Isaiah 60 is addressed to “the morning after,” and it begins appropriately with two mandates. “Arise, shine.” Ultimately this passage will present a new vision of hope and promise, but it begins with these two words of instruction. “Arise. Shine; for your light has come, and the glory of the Lord has risen upon you.” The morning is here, so get up and shine forth the glory of the Lord that has fallen upon you. This vision that seemed impossible in the days of exile is coming to pass. And while the work ahead is more complex and difficult than you expected, the vision was not wrong. It is a new day in the land of Israel, and the glory of the Lord is shining on you. So, get up, hear the promise of the Lord anew, and shine.
After hearers are called up from their morning-after fog, they are presented with a new vision for the future. This fresh word of hope promises a sort of reversal of the exile. The nations had previously cast a shadow over Israel, carting away their sons and daughters along with every bit of wealth that had been in Jerusalem. Now, the promise is that the nations will experience a deep darkness, and the sun will rise only in Israel. People from all over the world will be drawn, like moths, to the light that has risen upon Israel, and with them, they’ll bring the missing sons and daughters of Israel and the wealth of nations. We get an image of a stream of camels, loaded down with riches, heading for Israel to experience the light of God.
Israel may be in ruins, but the sun is rising in Israel and setting everywhere else. God will not only bring back the previous glory, but God will bring the abundance of the sea, the wealth of the nations, and the children of Israel to this holy place. This is once again the land of promise, a place that God will lift up as a shining light in a world of darkness.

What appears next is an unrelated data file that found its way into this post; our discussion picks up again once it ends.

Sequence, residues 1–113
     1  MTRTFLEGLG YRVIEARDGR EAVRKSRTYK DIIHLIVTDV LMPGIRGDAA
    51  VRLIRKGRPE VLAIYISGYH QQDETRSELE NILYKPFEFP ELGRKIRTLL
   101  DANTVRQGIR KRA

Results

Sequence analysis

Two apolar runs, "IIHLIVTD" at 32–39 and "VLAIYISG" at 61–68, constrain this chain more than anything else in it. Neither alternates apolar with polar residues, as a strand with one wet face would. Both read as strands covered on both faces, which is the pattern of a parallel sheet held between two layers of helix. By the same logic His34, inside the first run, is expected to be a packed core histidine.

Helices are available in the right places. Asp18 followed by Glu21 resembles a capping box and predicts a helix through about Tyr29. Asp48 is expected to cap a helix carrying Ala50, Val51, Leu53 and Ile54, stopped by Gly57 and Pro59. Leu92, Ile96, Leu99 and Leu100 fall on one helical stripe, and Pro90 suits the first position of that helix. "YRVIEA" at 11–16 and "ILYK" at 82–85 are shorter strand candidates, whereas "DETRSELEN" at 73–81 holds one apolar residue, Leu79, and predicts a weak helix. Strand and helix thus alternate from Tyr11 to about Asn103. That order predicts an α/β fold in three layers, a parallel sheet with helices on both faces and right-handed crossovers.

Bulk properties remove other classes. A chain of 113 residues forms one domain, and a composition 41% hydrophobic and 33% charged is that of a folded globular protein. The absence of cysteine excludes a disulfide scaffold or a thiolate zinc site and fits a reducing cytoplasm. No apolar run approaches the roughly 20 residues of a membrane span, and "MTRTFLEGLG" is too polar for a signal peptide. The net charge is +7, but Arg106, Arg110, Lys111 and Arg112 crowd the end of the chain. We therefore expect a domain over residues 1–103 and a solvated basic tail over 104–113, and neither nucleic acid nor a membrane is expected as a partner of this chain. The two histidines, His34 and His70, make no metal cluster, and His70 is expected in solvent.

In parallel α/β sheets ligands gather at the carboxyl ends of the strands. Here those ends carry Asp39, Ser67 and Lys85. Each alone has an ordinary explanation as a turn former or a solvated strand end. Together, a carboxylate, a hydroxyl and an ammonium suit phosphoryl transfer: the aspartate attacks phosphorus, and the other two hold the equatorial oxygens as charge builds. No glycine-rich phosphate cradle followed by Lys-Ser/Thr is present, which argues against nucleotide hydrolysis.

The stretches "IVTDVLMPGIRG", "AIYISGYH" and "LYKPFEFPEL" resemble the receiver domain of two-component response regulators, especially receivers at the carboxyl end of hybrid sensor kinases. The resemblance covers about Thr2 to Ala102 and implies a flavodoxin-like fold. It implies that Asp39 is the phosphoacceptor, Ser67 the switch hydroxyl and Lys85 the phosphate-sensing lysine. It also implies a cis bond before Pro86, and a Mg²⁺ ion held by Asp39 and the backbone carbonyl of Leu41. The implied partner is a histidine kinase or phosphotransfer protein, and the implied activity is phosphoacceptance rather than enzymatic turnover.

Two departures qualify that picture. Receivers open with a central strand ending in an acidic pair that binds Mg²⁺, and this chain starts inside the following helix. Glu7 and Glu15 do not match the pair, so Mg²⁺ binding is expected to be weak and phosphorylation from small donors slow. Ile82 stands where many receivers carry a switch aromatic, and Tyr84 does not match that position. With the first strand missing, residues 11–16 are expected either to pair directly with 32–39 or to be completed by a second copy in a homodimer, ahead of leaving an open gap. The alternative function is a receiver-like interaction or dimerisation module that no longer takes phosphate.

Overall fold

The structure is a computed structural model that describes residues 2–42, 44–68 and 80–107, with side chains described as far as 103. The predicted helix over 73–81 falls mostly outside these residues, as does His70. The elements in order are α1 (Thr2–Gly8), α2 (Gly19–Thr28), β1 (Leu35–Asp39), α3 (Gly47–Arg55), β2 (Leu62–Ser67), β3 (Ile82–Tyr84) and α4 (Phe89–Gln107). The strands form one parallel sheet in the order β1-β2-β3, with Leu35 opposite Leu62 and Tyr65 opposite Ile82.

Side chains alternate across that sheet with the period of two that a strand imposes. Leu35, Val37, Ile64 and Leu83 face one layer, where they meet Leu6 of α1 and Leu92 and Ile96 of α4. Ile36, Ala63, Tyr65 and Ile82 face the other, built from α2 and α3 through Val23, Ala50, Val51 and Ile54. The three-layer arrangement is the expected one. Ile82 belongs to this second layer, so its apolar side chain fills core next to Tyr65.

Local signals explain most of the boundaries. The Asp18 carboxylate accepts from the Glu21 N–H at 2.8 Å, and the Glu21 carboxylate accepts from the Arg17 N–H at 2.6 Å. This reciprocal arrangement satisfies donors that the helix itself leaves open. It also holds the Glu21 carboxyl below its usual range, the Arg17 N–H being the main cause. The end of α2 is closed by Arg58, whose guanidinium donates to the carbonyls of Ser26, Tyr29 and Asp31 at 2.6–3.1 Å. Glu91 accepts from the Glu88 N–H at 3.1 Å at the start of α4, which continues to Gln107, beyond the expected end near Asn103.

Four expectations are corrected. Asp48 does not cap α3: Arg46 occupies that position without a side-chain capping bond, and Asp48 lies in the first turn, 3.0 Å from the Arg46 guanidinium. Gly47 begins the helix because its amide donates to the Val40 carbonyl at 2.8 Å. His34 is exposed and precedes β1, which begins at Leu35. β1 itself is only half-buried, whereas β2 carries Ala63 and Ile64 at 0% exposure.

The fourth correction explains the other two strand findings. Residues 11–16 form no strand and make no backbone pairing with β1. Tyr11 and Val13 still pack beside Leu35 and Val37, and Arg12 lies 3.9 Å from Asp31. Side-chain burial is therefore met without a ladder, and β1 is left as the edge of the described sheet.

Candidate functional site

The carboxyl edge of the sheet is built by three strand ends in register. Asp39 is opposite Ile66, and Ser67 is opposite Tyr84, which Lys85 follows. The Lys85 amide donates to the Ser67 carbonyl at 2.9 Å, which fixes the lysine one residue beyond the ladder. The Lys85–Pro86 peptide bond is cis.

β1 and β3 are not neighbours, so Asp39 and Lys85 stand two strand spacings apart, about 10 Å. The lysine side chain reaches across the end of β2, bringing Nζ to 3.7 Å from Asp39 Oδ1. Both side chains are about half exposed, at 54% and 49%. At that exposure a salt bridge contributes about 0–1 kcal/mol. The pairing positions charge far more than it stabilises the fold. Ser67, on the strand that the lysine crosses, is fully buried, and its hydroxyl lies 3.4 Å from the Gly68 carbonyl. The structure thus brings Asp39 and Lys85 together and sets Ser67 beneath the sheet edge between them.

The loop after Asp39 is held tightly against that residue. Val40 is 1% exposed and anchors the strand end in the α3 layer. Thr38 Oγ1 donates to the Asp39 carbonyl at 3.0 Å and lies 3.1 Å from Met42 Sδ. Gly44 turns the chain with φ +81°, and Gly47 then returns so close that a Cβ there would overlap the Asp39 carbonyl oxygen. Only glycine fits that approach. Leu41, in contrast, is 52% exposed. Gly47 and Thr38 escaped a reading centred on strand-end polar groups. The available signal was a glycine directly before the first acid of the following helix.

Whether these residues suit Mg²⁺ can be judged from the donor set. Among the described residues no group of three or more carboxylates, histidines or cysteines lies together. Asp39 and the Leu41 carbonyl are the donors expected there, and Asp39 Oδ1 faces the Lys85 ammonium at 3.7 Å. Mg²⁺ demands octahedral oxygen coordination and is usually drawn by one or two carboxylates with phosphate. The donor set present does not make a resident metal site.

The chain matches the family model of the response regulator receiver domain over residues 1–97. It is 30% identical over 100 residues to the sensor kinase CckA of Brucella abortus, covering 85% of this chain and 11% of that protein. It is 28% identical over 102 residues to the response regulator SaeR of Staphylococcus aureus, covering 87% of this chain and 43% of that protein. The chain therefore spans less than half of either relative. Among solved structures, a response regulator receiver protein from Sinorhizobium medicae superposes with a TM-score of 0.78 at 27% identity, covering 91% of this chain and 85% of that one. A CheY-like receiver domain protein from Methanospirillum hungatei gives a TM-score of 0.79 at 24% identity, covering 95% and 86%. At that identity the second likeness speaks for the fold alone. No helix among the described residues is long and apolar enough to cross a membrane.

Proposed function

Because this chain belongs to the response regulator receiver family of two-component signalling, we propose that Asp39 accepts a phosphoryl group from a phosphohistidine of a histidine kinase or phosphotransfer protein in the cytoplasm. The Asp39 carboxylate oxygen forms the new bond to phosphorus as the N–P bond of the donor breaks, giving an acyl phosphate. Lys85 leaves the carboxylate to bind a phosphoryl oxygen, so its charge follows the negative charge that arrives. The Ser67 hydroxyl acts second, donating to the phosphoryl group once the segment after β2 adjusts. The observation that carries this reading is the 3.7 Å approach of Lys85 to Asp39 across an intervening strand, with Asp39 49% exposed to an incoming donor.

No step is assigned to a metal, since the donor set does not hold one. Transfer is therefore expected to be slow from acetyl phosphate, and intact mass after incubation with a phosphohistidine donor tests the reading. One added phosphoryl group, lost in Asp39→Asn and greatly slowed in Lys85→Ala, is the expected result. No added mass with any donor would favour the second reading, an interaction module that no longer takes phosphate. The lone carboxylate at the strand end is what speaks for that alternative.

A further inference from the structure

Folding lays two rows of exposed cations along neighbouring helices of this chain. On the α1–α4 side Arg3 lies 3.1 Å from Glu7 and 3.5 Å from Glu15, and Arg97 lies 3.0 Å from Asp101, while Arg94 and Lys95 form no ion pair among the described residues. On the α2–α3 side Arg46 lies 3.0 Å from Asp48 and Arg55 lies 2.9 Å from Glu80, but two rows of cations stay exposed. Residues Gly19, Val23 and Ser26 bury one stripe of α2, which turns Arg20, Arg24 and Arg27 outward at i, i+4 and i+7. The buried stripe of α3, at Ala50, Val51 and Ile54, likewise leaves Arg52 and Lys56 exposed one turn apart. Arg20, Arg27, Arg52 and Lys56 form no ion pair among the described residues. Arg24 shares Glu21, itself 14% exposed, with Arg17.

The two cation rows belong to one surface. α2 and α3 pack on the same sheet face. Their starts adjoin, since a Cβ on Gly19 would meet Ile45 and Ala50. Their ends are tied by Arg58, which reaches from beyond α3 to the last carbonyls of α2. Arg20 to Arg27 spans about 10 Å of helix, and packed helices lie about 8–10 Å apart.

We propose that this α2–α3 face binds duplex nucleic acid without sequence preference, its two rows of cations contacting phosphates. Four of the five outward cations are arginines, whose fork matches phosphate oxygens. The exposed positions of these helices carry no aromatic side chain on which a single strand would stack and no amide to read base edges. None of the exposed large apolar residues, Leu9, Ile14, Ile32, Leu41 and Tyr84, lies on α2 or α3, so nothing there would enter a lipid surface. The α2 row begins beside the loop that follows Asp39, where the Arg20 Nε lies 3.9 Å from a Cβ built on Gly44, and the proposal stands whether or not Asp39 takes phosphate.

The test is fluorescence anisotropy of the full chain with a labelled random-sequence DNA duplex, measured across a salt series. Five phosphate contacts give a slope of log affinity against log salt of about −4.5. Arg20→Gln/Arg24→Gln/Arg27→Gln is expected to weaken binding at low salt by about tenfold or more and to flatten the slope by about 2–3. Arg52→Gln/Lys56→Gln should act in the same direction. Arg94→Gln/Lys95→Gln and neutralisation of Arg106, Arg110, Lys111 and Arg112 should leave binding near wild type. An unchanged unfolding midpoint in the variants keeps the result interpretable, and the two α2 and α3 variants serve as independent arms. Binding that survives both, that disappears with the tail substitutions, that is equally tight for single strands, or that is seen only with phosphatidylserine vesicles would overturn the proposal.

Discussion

In its immediate context, this passage calls upon those returning from exile to continue forging ahead, through their disappointment, through setbacks, through infighting and power struggles, and through whatever other obstacles might be blocking the shalom of Israel. They are encouraged to keep working and to trust that the God who miraculously brought them back to this place will make it all they hoped it might be. It felt like a dream to return to this land of promise, but the dream has given way to a morning of sobering realities. These words encourage them to get up and face the day, because it’s going to be a good one. The Lord is at work, and the sun is rising in Zion.
As is often the case with the visions of Isaiah, Israel does partially see this vision come to pass in the years following it’s pronouncement. They rebuild and resettle, but they never fully get out from under the thumb of occupying forces, and Israel’s glory always remains partially muted. But a few centuries later, Jesus comes along. And while he does not bring about a worldly political revolution, we believe that Jesus has brought this vision to fruition. We see the signal of this even as Jesus is still a small, vulnerable child, when the wise men (kings?) come from distant lands on camels, bringing gold and frankincense, guided by a start that rose over Bethlehem specifically (no word on the myrrh from Isaiah – we all have our blind spots, I guess). Jesus is the light, shining in a world of darkness. He is the sun rising in Israel, drawing the rest of the world to his glory. On Epiphany Sunday, we celebrate the fulfillment of this promise, and the revelation of God to the world through Israel.